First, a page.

Friday, March 26, 2010

Southeast Asia won't take corruption lying down

A CHORUS against corruption seems to be the common battle cry in all four major Southeast Asian democracies at this moment.
In Bangkok, the "Red Shirt" protesters are again out in force, in support of their leader, former prime minister Thaksin Shinawatra, who was ousted in a military coup, allegedly for massive corruption.

In Manila, national elections will take place on May 10 and strong popular opinions against President Gloria Arroyo's allegedly corruption-riddled administration are ensuring that a candidate with little to commend him but a reputation for being clean is leading the crowded pack of aspirants to succeed her.

In Jakarta, a president newly re-elected on a clean, reformist record quickly finds himself greatly compromised by allegations of corruption -- what else? -- against key members of his administration in a bank-bailout scandal.

In Kuala Lumpur, corruption remains almost an unvaried staple in the opposition's arsenal as it relentlessly attacks the government both inside Parliament and out.

What does all this corruption-themed politics tell us?

Indonesian President Susilo Bambang Yudhoyono was re-elected on his promise of continued reforms.
First, it shows that public concerns about corruption are easily at the top of issues common to almost any country one can think of.

Second, it shows that corruption is almost an eternal political battle, such that it recurs unfailingly as a public issue, almost everywhere and every time.

We, therefore, need to be eternally vigilant against such a scourge in our public life while being healthily sceptical that a silver bullet exists or glib and ready answers abound to tackle a problem such as corruption.

Yes, of course, a zero-tolerance policy towards corruption sounds brilliant and seems like a no-brainer. Except that in real life and real countries rather than cities such as Singapore and Hong Kong, things can and often do get complicated. Politics, after all, is the art of the possible, not the ideal. And politics is often the common denominator that does a great complicating job in the otherwise unambiguously noble job of fighting corruption.

In Thailand, Thaksin unquestionably made politically expedient choices to consolidate his hold on power and in the process, came to be regarded -- until today -- as a hero of the rural-dwelling poor and dispossessed even as he simultaneously gained the unforgiving enmity of the urban middle class.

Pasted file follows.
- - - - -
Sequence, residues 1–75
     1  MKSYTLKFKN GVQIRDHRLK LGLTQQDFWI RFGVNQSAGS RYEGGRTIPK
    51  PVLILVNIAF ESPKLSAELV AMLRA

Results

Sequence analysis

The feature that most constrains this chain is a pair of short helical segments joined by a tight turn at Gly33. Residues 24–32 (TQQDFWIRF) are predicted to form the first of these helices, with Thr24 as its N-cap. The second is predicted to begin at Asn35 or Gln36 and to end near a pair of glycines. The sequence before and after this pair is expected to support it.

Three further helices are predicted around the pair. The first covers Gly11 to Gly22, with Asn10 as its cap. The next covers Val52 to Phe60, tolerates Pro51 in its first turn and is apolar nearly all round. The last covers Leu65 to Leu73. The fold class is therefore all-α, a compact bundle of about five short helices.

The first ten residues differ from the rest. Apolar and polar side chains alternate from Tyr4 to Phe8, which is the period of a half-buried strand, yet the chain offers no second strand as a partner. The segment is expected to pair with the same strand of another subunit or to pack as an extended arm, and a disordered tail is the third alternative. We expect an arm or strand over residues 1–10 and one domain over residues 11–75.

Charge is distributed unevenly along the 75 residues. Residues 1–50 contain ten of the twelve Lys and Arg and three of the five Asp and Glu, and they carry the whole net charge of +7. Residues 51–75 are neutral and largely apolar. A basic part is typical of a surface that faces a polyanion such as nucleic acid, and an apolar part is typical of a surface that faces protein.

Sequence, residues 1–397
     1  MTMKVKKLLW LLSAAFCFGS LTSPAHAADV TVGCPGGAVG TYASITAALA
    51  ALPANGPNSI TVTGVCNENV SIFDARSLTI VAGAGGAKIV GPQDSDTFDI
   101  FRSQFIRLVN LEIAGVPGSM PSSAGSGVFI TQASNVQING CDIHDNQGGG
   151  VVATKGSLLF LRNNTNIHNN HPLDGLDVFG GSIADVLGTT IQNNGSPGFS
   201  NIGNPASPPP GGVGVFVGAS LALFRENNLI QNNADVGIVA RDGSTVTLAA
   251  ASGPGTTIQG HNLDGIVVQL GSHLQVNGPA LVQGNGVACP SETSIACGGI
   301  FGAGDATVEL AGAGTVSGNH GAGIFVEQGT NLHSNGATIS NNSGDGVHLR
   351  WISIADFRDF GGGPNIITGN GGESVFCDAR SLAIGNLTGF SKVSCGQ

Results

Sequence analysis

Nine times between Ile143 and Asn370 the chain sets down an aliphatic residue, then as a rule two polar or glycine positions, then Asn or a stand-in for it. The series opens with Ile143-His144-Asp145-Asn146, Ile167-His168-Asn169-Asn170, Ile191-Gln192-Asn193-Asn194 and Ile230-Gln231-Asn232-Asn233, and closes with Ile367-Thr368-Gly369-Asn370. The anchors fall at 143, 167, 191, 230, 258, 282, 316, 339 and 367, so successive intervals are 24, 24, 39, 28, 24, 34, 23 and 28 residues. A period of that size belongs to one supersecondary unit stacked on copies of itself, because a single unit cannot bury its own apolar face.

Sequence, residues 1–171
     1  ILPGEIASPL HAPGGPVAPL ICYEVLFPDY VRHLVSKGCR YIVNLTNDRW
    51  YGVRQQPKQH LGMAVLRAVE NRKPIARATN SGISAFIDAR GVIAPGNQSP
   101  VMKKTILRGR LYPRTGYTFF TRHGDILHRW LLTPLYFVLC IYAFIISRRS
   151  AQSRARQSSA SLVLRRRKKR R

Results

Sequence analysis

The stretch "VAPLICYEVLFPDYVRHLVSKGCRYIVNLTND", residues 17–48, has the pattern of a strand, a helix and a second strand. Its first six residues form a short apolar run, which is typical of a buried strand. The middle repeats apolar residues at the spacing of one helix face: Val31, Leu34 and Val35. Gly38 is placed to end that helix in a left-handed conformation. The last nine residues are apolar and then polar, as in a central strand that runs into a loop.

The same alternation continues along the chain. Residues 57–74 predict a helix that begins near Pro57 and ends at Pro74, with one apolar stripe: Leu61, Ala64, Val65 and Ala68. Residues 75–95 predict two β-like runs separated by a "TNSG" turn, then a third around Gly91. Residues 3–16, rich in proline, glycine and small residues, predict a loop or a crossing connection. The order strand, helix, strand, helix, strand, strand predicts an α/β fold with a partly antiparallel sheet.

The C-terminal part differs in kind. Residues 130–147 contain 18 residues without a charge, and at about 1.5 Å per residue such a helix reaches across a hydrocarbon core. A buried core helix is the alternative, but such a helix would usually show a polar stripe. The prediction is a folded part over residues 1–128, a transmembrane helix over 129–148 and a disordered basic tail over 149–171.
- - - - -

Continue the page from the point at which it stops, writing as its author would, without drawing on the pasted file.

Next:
Democracy was again upended in a coup that won support from the middle class and some semblance of it was restored later with a prime minister acceptable to this class, Abhisit Vejjajiva. The latter was hoisted onto power but only after political compromises were secured with the same unprincipled and corrupt characters and parties that once shared power with Thaksin.

Ironically, if Thaksin had succeeded in permanently empowering his rural political base, Thai democracy might have stood a better chance of surviving and with it, the eradication of corruption as almost a way of political life.

In the Philippines, Senator Benigno "Noynoy" Aquino III looks on course to condemning his country anew, as his mother, former president Corazon Aquino, did, to a six-year stint of good intentions in place of governing competence. The intervening years of mostly self-torment between the first Aquino and likely second Aquino presidencies could have been avoided had Filipinos held their noses and gave a clean and competent president Fidel Ramos a constitutionally denied second term instead of placing blind and mostly unrewarded faith in institutions.

In Indonesia, what to make of voters enthusiastically re-electing President Susilo Bambang Yudhoyono on his promise of continued reforms and clean government while at the same time electing members to a Parliament regarded as one of Indonesia's most corrupt public institutions is simply beyond my comprehension, especially as that same Parliament rather swiftly stymied the president by turning corruption investigations into personal vendettas against two of his star reformers.

In Malaysia, I keep hearing self-congratulations that we are a cut above the regional lot. We certainly enjoy corruption rates significantly less dire than all the above three countries. But given what has been happening here politically in the past two years, I won't dare bet we are a cut above them in terms of our maturity.

Senator Benigno ‘Noynoy’ Aquino III is one of the ‘clean’ candidates running for the Philippine presidential race.

What seems clear to me is that in all four of these countries, corruption, political contention and, most importantly, economic development all hold fairly constant over the years despite public obsessions and exertions. The real trick is perhaps to adequately manage and balance these so endemic poverty can end sooner and with it better chances for both democracy and corruption eradication may really prosper. John Teo for the New Straits Times Kuala Lumpur

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